1. Type

This information is needed for systems that support different types of files.

  1. Location

This information is a pointer to a device and to the location ofthe file on that device.

  1. Size

The current size of the file (in bytes, words, or blocks) and possiblythe maximum allowed size are included in this attribute.

  1. Protection

Access-control information determines who can do reading, writing, executing, and so on.

  1. Time, date, and user identification

This information may be kept forcreation, last modification, and last use. These data can be useful for protection, security, and usage monitoring.

File Concept

Q1. Explain File Concept.

Ans. Computers can store information on various storage media, such as magnetic disks, magnetic tapes, and optical disks. So that the computer system will be convenient to use, the operating system provides a uniform logical view of information storage. The operating system abstracts from the physical properties of its storage devices to define a logical storage unit, the file. Files are mapped by the operating system onto physical devices. These storage devices are usually nonvolatile, so the contents are persistent through power failures and system reboots.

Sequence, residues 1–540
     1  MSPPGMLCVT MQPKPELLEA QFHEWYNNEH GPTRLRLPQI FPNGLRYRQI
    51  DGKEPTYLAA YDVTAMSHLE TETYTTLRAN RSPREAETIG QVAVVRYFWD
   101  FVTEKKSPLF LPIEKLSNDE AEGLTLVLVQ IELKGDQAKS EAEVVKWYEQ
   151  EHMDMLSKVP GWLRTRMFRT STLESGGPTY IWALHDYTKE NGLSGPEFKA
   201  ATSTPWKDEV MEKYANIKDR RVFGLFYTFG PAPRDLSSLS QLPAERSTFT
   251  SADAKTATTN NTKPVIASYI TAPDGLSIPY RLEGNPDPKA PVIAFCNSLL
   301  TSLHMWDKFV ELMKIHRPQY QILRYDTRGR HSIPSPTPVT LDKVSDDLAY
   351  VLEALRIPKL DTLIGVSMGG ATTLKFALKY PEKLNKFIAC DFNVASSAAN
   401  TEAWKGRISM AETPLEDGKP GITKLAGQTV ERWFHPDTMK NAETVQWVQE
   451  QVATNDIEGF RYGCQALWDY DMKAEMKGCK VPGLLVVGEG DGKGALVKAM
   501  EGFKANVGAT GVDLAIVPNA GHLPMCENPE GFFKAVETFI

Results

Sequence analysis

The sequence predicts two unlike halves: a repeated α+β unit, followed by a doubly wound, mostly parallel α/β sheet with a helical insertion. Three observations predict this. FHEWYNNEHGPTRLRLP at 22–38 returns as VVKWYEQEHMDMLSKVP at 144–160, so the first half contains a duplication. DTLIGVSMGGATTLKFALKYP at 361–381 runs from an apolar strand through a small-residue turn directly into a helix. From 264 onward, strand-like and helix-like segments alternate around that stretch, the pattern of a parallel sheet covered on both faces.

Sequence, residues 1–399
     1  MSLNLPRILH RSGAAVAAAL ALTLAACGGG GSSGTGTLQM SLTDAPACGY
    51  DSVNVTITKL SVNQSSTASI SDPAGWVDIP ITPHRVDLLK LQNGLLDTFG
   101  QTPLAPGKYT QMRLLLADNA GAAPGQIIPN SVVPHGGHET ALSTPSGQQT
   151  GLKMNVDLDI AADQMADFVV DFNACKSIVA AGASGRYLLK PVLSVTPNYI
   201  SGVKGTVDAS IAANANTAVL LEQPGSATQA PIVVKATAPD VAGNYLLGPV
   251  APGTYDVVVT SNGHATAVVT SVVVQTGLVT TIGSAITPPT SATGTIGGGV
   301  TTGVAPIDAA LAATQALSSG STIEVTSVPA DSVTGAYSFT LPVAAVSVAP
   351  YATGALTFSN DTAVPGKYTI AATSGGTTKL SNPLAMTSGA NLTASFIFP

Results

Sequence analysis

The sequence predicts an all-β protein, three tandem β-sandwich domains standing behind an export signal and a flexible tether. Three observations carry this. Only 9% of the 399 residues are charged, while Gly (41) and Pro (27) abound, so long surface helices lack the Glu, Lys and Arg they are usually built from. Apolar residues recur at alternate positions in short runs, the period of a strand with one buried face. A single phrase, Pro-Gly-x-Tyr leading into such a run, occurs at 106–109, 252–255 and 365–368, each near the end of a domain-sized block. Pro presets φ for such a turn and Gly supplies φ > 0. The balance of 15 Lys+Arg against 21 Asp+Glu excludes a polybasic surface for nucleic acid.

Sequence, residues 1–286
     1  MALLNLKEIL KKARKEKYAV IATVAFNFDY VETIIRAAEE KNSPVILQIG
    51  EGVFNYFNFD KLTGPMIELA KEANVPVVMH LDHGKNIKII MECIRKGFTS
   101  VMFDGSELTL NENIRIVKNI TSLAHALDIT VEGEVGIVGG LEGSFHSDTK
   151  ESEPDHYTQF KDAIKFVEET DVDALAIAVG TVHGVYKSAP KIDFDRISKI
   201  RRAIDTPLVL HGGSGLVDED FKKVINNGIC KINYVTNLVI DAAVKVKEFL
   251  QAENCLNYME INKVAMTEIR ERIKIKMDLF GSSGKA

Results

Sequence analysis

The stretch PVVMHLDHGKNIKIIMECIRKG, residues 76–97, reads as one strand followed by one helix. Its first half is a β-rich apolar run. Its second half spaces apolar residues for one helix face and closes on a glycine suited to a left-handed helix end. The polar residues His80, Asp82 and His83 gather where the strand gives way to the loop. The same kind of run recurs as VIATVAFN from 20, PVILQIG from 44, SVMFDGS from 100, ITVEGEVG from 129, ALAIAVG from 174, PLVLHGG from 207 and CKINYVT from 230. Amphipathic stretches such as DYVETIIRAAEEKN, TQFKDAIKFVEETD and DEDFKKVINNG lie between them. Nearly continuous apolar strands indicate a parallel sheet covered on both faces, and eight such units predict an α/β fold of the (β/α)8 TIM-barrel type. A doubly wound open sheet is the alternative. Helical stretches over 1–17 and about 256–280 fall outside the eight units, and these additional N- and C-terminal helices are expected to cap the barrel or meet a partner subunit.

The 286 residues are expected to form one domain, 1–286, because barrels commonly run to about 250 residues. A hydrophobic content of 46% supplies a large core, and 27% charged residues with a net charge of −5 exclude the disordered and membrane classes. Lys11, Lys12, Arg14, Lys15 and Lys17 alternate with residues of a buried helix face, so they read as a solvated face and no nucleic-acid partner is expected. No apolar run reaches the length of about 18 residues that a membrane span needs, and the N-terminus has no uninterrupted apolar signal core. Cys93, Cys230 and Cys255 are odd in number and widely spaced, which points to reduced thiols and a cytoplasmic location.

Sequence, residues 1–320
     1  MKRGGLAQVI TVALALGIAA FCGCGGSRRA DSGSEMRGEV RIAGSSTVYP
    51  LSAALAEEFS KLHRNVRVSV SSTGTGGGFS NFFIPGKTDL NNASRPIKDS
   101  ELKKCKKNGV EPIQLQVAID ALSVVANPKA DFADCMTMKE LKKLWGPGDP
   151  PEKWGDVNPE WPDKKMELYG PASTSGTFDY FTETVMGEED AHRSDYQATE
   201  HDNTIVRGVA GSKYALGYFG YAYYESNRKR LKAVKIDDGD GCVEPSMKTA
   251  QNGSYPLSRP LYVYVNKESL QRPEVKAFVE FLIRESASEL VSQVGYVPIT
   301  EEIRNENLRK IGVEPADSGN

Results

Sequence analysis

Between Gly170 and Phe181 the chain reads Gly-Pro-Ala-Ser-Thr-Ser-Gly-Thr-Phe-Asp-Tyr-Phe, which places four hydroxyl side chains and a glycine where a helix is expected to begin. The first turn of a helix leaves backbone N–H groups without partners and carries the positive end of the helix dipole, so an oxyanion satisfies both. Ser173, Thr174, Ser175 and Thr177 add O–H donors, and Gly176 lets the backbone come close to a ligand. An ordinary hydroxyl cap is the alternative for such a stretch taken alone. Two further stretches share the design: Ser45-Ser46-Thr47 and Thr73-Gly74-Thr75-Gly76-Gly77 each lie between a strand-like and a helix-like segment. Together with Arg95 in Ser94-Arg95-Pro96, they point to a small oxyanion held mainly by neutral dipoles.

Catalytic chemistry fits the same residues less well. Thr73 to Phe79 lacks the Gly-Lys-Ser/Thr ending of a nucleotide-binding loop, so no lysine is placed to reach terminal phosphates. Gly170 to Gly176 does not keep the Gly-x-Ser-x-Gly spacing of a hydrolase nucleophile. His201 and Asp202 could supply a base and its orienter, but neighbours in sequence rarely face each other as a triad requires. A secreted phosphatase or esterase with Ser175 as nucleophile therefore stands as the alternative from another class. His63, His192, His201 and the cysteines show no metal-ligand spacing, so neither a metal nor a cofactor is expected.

I/O Interlock

Q1. Explain I/O Interlock.

Ans.When demand paging is used, we sometimes need to allow some of the pages to be locked in memory. One such situation occurs when I/O is done to or from user (virtual) memory. I/O is often implemented by a separate I/O processor.

 

For example, a controller for a USB storage device is generally given the number of bytes to transfer and a memory address for the buffer. When the transfer is complete, the CPU is interrupted.

TLB Reach

Q1. Explain TLB Reach.

Ans.The TLB reach refers to the amount of memory accessible from the TLB and is simply the number of entries multiplied by the page size.

 

TLB Reach = Number of entries X Page Size

 

Ideally, the working set for a process is stored in the TLB. If not, the process will spend a considerable amount of time resolving memory references in the page table rather than the TLB. If we double the number of entries in the TLB, we double the TLB reach.